What to say if you liked it
A thorough, and entertaining, disection of one of TV’s most controversial shows – the one in which scantily-clad kids chirruped pop hits of the early 80s. The girls were covered in make-up and, some suggest, the makers should have been covered in shame.
What to say if you disliked it
Yet another attempt to stir up controversy about a programme that is probably best forgotten
What was good about it?
• Seeing the ailing old Cecil Korer, who commissioned the show for Channel 4, still enjoying it for its sheer entertainment value and visibly upset by allegations that the programme indulged the tastes of paedophiles. Although mistakes in judgement were made, the show never deserved the torrent of abuse it received. Typical comments included “repellent series”, “ghastly and disgusting” and “should be called Mini Whores.” Korer sadly accepted: “Its reputation has sullied its innocence. It’s just kids pretending to be pop stars.”
• The fact that nine-year-old Minipop Joanna Wyatt (now a successful voiceover artist) knocked Ebony & Ivory off the number one in France with her rendition of Stupid Cupid
• Haircut 100 hero Nick Heyward being prepared to appear and praise the show for its colour and energy – achieved even though six programmes were churned out in six days.
• Alexander Armstrong – top narrating bloke.
• Joanne Fisher, the Minipop who committed the greatest “crime” – Nine To Five in a nightdress – revealing that she didn’t have a clue what she was singing about when she got to the “when we make love” lyric. Joanne now looks like Jodie Marsh’s slightly prettier sister and has become successful in the equestrian sport of dressage.
• Recollections of the three weeks the Minipops spent touring Canada where they were heralded as superstars, had the third best-selling album ever (after Michael Jackson and Kenny Rogers) and were mobbed wherever they went.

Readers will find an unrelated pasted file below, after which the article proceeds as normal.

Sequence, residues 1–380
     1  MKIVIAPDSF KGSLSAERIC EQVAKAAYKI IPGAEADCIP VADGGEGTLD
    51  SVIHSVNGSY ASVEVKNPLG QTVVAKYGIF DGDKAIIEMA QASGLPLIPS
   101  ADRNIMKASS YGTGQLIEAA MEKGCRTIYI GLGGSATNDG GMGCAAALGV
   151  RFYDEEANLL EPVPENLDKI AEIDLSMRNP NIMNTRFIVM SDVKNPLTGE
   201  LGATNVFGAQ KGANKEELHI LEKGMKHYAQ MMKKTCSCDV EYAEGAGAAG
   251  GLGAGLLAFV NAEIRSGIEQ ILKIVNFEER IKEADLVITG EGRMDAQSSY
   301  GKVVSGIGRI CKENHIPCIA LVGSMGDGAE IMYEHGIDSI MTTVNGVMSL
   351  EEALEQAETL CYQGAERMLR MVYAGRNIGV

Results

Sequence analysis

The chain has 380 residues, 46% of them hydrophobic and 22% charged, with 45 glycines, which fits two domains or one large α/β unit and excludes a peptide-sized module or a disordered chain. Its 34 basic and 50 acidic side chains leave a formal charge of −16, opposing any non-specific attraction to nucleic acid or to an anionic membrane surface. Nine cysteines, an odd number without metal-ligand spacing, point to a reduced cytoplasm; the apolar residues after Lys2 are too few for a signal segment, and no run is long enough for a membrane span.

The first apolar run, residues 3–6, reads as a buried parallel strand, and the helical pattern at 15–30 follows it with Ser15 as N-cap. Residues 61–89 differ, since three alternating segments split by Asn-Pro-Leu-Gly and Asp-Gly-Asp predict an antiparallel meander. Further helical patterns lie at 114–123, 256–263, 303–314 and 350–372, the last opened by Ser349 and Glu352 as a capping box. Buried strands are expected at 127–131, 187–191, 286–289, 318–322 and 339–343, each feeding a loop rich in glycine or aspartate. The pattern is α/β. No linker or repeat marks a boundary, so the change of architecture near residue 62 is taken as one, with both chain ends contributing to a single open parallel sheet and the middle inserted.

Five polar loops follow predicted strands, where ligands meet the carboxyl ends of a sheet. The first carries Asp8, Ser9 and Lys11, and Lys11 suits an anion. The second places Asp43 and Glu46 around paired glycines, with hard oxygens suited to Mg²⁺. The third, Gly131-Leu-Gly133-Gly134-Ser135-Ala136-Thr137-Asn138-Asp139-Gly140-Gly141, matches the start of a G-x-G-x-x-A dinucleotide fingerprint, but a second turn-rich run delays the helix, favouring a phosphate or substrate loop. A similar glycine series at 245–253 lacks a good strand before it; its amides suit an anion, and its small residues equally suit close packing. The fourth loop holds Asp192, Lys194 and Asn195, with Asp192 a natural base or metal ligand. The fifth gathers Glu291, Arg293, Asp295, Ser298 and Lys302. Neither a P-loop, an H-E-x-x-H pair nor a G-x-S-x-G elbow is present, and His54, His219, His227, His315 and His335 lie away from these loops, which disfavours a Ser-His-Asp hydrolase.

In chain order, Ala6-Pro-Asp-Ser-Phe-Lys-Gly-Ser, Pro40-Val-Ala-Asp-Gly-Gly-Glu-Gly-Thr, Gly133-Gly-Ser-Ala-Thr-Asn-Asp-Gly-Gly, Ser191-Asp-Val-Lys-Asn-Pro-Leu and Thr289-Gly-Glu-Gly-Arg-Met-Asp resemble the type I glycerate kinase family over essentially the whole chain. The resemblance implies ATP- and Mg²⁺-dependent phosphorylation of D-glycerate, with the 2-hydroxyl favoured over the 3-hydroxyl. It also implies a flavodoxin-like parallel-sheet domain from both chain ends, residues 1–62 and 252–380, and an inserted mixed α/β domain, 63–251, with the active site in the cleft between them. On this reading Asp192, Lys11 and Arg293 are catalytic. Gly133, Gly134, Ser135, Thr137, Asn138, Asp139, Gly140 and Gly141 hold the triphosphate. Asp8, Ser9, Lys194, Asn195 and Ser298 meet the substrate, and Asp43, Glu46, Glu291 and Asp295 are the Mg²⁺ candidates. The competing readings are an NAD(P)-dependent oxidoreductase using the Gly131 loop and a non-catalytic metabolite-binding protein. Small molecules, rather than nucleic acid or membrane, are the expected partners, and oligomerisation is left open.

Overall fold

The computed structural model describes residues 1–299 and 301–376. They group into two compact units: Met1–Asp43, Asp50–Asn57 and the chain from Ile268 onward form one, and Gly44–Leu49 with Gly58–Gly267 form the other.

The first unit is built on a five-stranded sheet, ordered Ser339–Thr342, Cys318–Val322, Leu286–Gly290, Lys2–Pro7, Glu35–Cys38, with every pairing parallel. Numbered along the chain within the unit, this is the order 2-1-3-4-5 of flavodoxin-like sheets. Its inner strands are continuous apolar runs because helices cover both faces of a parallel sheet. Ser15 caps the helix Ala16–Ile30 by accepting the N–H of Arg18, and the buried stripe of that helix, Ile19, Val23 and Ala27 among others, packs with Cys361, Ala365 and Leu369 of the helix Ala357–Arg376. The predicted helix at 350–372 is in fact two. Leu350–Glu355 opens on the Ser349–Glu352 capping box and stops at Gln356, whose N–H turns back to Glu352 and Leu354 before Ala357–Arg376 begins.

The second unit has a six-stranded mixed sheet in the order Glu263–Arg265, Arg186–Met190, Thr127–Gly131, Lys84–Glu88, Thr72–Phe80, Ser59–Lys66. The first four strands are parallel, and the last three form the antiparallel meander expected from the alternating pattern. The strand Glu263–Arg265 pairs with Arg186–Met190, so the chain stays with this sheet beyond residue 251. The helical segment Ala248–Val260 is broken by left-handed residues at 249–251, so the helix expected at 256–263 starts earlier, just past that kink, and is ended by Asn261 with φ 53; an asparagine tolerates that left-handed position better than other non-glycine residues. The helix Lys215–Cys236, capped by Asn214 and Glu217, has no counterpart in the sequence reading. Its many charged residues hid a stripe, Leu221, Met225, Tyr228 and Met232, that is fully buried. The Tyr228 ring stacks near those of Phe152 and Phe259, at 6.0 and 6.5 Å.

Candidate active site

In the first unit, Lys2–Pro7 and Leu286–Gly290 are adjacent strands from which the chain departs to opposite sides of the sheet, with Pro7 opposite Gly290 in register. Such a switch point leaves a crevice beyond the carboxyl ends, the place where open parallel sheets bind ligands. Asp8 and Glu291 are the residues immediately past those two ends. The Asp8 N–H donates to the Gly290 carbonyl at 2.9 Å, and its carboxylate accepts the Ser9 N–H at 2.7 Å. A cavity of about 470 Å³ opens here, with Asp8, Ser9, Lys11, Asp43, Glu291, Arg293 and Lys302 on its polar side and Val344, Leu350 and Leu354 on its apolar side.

• Journalist Grace Dent – “If you were part of the Why Don’t You gang, it’s the kind of thing you can trot out at a party and it’ll probably get you laid. If you’re one of the Minipops, you’ve got to keep it to yourself because people will think you were part of a paedophile ring.”
What was bad about it?
• Toyah Willcox taking the role of censorious bore, attacking the show and pretending it was making her sick. She’s probably only jealous that a Bonnie Langford-ish girl did a better version of It’s A Mystery than she could ever manage.
• Cheryl Baker also chipped in with a bit of outrage. “You’ve got some funny old people out there watching telly.”
• So did journalist Michael Holden, claiming it “appealed to people who ought to be killed.”
• The child psychologist who predicted that the kids involved would all need psychiatric help – none of them did; they all seemed to have loved the experience and been left unscarred. The only tragic story concerned Scott Sherrin, who had a breakdown and drowned in the River Thames at the age of 23, but that may have been equally due to his appearances on This Life and in the stage version of Fame. One of the kids, Jonas Hurst, even rose to the dizzy heights of reading the news on RI:SE.
• Gimme Gimme Gimme A Man After Midnight. Aside from the fact that little kids should not be up after midnight, and even if they are, they should not be in need of a man, this was horrible because it sounded like a speeded-up Pinky and Perky.
• The pushy parents at the Minipops auditions.
• The clip of arty-farty Channel 4 show Alter Image – a far worse televisual crime than Minipops
• The version of Happy Birthday sounded no less girlish than Clare Crogan’s horrible hit single
• We only got to hear brief extracts of rather remarkable arrangements of Message In A Bottle and Rock This Town